Sir Winston Churchill was such a towering figure of mid-20th century history that it is easy (for those of a certain age) to forget that a couple of generations have grown up since his death with no direct experience of the Churchillian presence in their day-to-day lives. Churchill’s leadership during World War II–his unwavering confidence, his inspirational eloquence–places him in the forefront of statesmen not only of his century, but of all time. (He makes his successors on both sides of the Atlantic look like the pygmies they are.)
HBO’s new film, The Gathering Storm, takes its title from the first volume of the history of the war that Churchill wrote. The fictionalized screenplay by Hugh Whitemore (Utz, Jane Eyre) is a character study of Churchill (Albert Finney) and his relationship with his wife Clementine (Vanessa Redgrave) during the lull in Churchill’s career in the late 1930′s. Of course, Whitemore also draws on the history of the time, much of it delivered through the dialogue, which is compromised in a few instances by the nonconversational tone of a history lecture. But considering the complexity of the story told, those moments are sufficiently rare that they do not significantly hamper the proceedings.
The political plotline focuses on the conflict between Churchill’s outspoken and initially unpopular views on the threat of the Hitler regime in Germany, and the preferred policy of Prime Minister Stanley Baldwin’s government to bury their heads in the sand as Germany rebuilds its air force and rearms, even while pursuing policies of "racial purity." The factual data that Churchill needs to make his case is provided surreptitiously by a sympathetic high ranking bureaucrat in the Foreign Office (Linus Roache) who puts his career at risk by passing on classified information.
On the home scene, wife "Clemmie"is tested by Churchill’s spendthrift ways, learning from their accountant that they are near bankruptcy. Churchill is imperious, impatient, and implacable; Clemmie encourages him to continue in his work because she "could not survive his bad temper in retirement." When she decides she needs a break and tells him she is going with friends on a four month journey to the Philippines, he accuses her of being selfish. His own clumsiness earns him the worst: she recoils violently, goes off anyway, and presumably has an affair.
There’s a great deal of telling detail in the film. Churchill suffered from clinical depression for which, at a time when it was still called "melancholia," there were no pills for quick relief. Churchill’s painting was one of his ways of fighting it off and he even did bricklaying as a therapy. (The filmmakers had access to the Churchill estate, Chartwell, a location which itself almost becomes a character in the story.) He loved the house for its view of the English countryside which he called a "ravishing landscape." He dreamed of his ancestor, the Duke of Marlborough, who led a coalition of European nations against the French.at the beginning of the 18th century; that he saw his rise to leadership as Destiny seems at once audacious and fully understandable.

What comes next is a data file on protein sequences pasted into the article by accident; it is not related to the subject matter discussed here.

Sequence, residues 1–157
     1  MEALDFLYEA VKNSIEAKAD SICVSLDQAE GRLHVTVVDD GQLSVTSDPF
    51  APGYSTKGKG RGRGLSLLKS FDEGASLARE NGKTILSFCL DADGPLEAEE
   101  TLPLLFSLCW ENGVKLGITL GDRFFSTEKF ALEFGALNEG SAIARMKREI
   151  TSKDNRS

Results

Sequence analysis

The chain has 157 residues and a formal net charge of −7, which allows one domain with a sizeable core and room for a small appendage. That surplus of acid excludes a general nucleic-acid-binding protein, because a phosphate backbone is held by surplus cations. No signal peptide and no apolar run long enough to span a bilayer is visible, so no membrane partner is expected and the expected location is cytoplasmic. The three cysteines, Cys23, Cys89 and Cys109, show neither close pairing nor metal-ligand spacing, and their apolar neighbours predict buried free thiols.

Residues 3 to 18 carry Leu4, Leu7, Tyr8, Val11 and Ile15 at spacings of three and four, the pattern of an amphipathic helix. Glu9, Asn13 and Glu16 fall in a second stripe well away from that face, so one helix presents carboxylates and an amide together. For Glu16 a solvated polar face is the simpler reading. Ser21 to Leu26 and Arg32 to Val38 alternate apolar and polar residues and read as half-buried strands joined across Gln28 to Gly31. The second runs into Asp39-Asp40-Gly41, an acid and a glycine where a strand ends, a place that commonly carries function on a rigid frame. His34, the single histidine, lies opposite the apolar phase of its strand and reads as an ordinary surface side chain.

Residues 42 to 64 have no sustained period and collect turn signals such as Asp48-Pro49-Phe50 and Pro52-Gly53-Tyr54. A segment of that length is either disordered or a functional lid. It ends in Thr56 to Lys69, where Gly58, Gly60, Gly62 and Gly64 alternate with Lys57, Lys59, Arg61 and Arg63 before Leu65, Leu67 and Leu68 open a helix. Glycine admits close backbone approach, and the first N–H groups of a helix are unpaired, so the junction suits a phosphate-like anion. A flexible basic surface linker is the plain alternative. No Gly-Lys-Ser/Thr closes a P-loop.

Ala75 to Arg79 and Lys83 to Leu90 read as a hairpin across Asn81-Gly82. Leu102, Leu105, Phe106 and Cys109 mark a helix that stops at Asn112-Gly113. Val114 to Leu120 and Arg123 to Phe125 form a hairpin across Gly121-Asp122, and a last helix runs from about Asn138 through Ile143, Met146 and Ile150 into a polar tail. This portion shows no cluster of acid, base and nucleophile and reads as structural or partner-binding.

The Gathering Storm operates in Masterpiece Theatre territory–with the same intelligence, literacy, and high production values expected in that other venue. HBO enhances that with a lavishly cast production. Albert Finney is hands down for an Emmy for his portrayal of Churchill. Aside from capturing the essence of voice and carriage, he inhabits the persona of this brilliant and principled statesman, convincing in his public power, sympathetic in his private weaknesses.
Redgrave seems incapable these days of giving a bad performance. Her Clementine doesn’t get as much to do as might be hopedfor, but this actress doesn’t even need lines; her facial expressions and body language speak volumes. Linus Roach (Pandaemonium, Hart’s War) stands out as Churchill’s mole, sensitive, troubled, and brave. As his wife, Lena Headey is charming and gives a performance in marked contrast to her equally fine, but very different work in Aberdeen. The depth of casting has Sir Derek Jacobi, Jim Broadbent, and Hugh Bonneville all in supporting roles.